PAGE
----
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Tencent Games surprisingly succeeded at adapting the original Battlegrounds’ formula to touch-screen controls, and PUBG Mobile handles surprisingly well even on smaller phone screens. It is not completely ideal, and the screen comes off quite busy which can be an annoyance when playing the game, as the numerous control keys occupy the screen and ultimately reduce players’ field of vision, however I never found the visual buttons to interfere on my gameplay. On a 5.7” wide screen, PUBG Mobile looks fairly decent, and the player field of vision is expansive enough to notice most elements of the world. Enemy spotting can prove to be difficult at most times, although not completely impossible, which makes for additional tension in the 100 player free for all matches. The gameplay experience is not designed for everyone, and there are some flaws to be seen in the systems PUBG offers, but there is something enjoyable in a game that offers different gameplay with each multiplayer match. PUBG’s uniqueness is something fresh for both major home and mobile platforms and while the mobile version lacks behind in graphics, it still offers all the features found in the $30 Battlegrounds release on the PC and Consoles.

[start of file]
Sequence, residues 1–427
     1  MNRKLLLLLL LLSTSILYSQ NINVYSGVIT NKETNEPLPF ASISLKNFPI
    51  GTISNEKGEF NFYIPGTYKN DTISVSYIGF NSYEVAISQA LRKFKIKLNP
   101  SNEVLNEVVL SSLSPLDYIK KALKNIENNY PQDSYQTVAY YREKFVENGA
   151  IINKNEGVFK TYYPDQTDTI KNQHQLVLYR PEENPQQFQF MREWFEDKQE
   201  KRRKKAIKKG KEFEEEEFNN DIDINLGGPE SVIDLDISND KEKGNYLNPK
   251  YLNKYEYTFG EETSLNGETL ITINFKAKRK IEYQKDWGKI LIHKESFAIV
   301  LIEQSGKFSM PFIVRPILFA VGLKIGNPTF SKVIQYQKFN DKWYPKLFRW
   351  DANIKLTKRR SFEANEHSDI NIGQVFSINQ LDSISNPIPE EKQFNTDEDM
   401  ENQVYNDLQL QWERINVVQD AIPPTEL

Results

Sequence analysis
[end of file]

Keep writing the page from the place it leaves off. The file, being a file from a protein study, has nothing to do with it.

PUBG Mobile just like its bigger counterparts is a multiplayer battle royale third-person shooter with tactical elements and has 100 players battle it out on a large island map. The trick is to keep constantly moving, as the player dome decreases over the period of time, pushing the players towards the center of the map as player count gradually reduces over time. It’s an interesting game mechanics, although we are seeing it more often with the likes of PUBG and Fortnite, which is also bound to release on mobile platform sometime throughout the year. After a soft launch in Canada, PUBG Mobile is now available as a free download on the Google Play Store and the Apple store, which is a convenient pricing release, but also raises numerous questions since the game on other platforms retails for $29.99. With only reduced graphics, PUBG Mobile offers an excellent third-person shooter experience on the mobile platform, with few games to match its overall quality.